5 years ago

Disappearance of the Superionic Phase Transition in Sub-5 nm Silver Iodide Nanoparticles

Disappearance of the Superionic Phase Transition in Sub-5 nm Silver Iodide Nanoparticles
Osami Sakata, Takayuki Yamamoto, Hirokazu Kobayashi, Tomoya Uruga, Kiyofumi Nitta, Loku Singgappulige Rosantha Kumara, Hiroshi Kitagawa
Bulk silver iodide (AgI) is known to show a phase transition from the poorly conducting β/γ-phases into the superionic conducting α-phase at 147 °C. Its transition temperature decreases with decreasing the size of AgI, and the α-phase exists stably at 37 °C in AgI nanoparticles with a diameter of 6.3 nm. In this Letter, we investigated the atomic configuration, the phase transition behavior, and the ionic conductivity of AgI nanoparticles with a diameter of 3.0 nm. The combination of pair distribution function (PDF) analysis and reverse Monte Carlo (RMC) modeling based on high-energy X-ray diffraction (XRD) revealed for the first time that they formed the β/γ-phases with atomic disorder. The results of extended X-ray absorption fine structure (EXAFS) analysis, differential scanning calorimetry (DSC), and AC impedance spectroscopy demonstrated that they did not exhibit the superionic phase transition and their ionic conductivity was lower than that of crystalline AgI. The disappearance of the superionic phase transition and low ionic conductivity in the very small AgI nanoparticles originates from their small size and disordered structure.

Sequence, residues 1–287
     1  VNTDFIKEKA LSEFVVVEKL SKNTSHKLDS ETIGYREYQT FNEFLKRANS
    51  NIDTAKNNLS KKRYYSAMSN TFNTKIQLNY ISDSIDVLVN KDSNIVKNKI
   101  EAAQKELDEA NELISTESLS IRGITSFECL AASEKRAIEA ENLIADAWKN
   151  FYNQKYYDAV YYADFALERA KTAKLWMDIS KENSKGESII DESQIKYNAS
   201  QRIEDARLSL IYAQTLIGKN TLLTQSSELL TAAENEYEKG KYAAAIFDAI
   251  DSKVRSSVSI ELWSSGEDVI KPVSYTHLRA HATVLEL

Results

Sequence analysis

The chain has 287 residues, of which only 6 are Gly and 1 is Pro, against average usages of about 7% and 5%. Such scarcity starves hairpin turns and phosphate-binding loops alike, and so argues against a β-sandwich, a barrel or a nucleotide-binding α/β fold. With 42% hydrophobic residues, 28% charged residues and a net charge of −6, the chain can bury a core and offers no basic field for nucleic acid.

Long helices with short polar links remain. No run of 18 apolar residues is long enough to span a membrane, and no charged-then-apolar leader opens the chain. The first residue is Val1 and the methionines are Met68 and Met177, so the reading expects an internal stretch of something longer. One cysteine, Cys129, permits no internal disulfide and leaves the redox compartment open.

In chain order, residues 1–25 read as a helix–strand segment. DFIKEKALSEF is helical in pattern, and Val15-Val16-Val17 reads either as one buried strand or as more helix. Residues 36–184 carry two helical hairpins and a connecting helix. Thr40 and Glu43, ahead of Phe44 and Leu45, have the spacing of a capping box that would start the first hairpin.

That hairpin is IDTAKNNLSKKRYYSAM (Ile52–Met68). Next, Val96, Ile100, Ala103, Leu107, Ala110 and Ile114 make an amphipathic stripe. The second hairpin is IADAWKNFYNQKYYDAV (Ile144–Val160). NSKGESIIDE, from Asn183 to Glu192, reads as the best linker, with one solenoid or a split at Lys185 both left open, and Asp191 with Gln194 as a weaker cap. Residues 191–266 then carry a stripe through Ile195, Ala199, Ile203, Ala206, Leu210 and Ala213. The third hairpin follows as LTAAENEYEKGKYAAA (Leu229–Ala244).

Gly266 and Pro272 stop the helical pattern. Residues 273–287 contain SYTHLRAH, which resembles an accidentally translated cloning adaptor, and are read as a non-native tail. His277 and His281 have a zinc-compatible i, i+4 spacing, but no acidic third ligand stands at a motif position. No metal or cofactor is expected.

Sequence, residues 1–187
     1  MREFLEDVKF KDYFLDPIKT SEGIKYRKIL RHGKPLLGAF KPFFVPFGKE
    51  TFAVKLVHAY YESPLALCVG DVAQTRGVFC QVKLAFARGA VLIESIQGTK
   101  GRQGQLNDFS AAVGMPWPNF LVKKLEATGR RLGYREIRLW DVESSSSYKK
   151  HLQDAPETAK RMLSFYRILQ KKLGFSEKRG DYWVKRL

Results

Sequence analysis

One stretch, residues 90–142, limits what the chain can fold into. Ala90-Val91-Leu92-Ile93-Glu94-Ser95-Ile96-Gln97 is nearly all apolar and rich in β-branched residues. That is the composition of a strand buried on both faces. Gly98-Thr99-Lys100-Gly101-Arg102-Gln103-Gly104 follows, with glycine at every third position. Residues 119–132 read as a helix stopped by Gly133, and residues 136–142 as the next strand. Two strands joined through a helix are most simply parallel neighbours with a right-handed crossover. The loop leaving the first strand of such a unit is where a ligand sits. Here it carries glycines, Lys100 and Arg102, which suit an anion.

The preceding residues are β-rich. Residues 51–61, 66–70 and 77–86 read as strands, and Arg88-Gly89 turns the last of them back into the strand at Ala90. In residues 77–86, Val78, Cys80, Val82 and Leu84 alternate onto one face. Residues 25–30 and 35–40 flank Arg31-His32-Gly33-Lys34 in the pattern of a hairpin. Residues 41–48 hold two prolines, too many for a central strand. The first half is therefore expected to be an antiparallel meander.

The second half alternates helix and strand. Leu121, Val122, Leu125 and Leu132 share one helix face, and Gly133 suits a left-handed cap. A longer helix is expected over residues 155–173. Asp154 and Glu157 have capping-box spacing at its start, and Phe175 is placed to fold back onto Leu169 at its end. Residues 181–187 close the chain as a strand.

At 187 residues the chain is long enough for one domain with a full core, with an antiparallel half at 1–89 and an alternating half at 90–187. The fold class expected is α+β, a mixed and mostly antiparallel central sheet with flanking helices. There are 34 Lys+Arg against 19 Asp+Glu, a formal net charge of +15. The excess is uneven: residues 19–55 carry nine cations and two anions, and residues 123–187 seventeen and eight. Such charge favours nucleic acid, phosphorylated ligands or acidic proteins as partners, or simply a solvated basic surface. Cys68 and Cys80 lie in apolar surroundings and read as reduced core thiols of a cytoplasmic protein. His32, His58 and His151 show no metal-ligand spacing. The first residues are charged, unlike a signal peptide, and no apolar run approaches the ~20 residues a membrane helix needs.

Publisher URL: http://dx.doi.org/10.1021/acs.nanolett.7b01535

DOI: 10.1021/acs.nanolett.7b01535

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